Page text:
The interviews focused on deriving first-hand information about the point of view of the respondents as regards the nature of the psychological contract in their organizations. It is important to note that all the respondents are employees in the three organizations selected.
The table presented below gives a brief summary about the seven interviewees: Table 4. For the purpose of this report, only snippets of the interviews would be presented here. Question 1: In your years of experience in your organization, what are the things you expect of your employer?
And what are the things your employer can expect from you? I also believe that the administration should be able to keep its promises when made. I also expect that each party keeps its own end of the agreement — mine as an employee to do the job I am supposed to do at the right time, and the management too, to pay me as at when due, promote me at the right seasons.
The employer should keep up with its own end of the bargain. I also expect him to reward my good service in terms of pay which should be regular and based on merit. And when this is done, he can expect to my commitment and loyalty to the job.
If my job is well rewarded. I also expect the employer to pay me at the right time. My employer can also expect my loyalty and maximal input. I also want to be paid and promoted. All employees also need to be paid as promised, not having to wait for long or not being paid at all. And the terms of agreement needs to be kept by both the employer and the employee. Question 2: Were the expectations you explained earlier clarified before you began to work in the company?
The salary for the kind of job I wanted was stated. We clarified almost all of the issues during the meeting. Yes because we talked about the number of hours it would take to do the job, and how much I would be paid. No because we never talked about commitment and loyalty, but I believe that that would be deserved when the company does its own part. But the organization should know when to promote its employees. Question 3: What do you think should be the relationship between employees and employers in an organization?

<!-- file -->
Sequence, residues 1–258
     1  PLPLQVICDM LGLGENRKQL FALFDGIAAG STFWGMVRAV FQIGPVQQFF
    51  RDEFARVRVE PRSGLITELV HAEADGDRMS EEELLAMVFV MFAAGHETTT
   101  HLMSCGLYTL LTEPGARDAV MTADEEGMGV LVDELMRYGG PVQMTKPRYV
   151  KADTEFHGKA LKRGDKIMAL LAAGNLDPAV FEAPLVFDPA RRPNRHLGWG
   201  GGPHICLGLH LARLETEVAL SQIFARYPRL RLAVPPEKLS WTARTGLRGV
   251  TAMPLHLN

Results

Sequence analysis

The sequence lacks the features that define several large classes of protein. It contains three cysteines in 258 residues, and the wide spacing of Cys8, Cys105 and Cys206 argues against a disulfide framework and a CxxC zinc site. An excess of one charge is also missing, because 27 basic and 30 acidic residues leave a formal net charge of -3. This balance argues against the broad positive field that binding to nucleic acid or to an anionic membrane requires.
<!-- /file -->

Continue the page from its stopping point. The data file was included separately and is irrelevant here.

Each party should also be open to each other as regards expectations and obligations. Also, each party must have integrity. Question 4: Do you feel your inputs are commensurate with the rewards you receive? Could you give reasons why? I am being paid at the appropriate intervals, but other rewards such as promotion, recognition for a job well done, and development do not come as regularly as they should have been.
I am being paid for what I do. And at the same time, I may not do up to what I am expected to do. Really, there is no way of measuring. I am not being appropriately rewarded. I am being underpaid. But I would have been happier if things were done the right way. What would make me happy is if the agreement made at the beginning of the job is being kept.
The management should have an agreement with the employee and should make sure that this agreement is kept to. And if it would not be possible to keep them, then they should not be made at all. When employees know what they would be rewarded with at the end of the day, they would be motivated to do their jobs right. It should be enhanced. This chapter presents the results of the questionnaire survey and interview in light of existing literature.
The aims and objectives of the study have been given earlier, in the first chapter, and information has been gathered as regards fulfilling these objectives. Here, analysis of the data which has been done already in the fourth chapter would then be compared with previous research and theories. One of the questions asked was in order to determine the type of psychological contract that can be found in the organization. Since one of the objectives of the questionnaire was to determine the expectations of employees concerning the psychological contract, it would be necessary to find out the expected entitlements of the employees towards their employer in the public sector, in this case, the three establishments using a cluster analysis.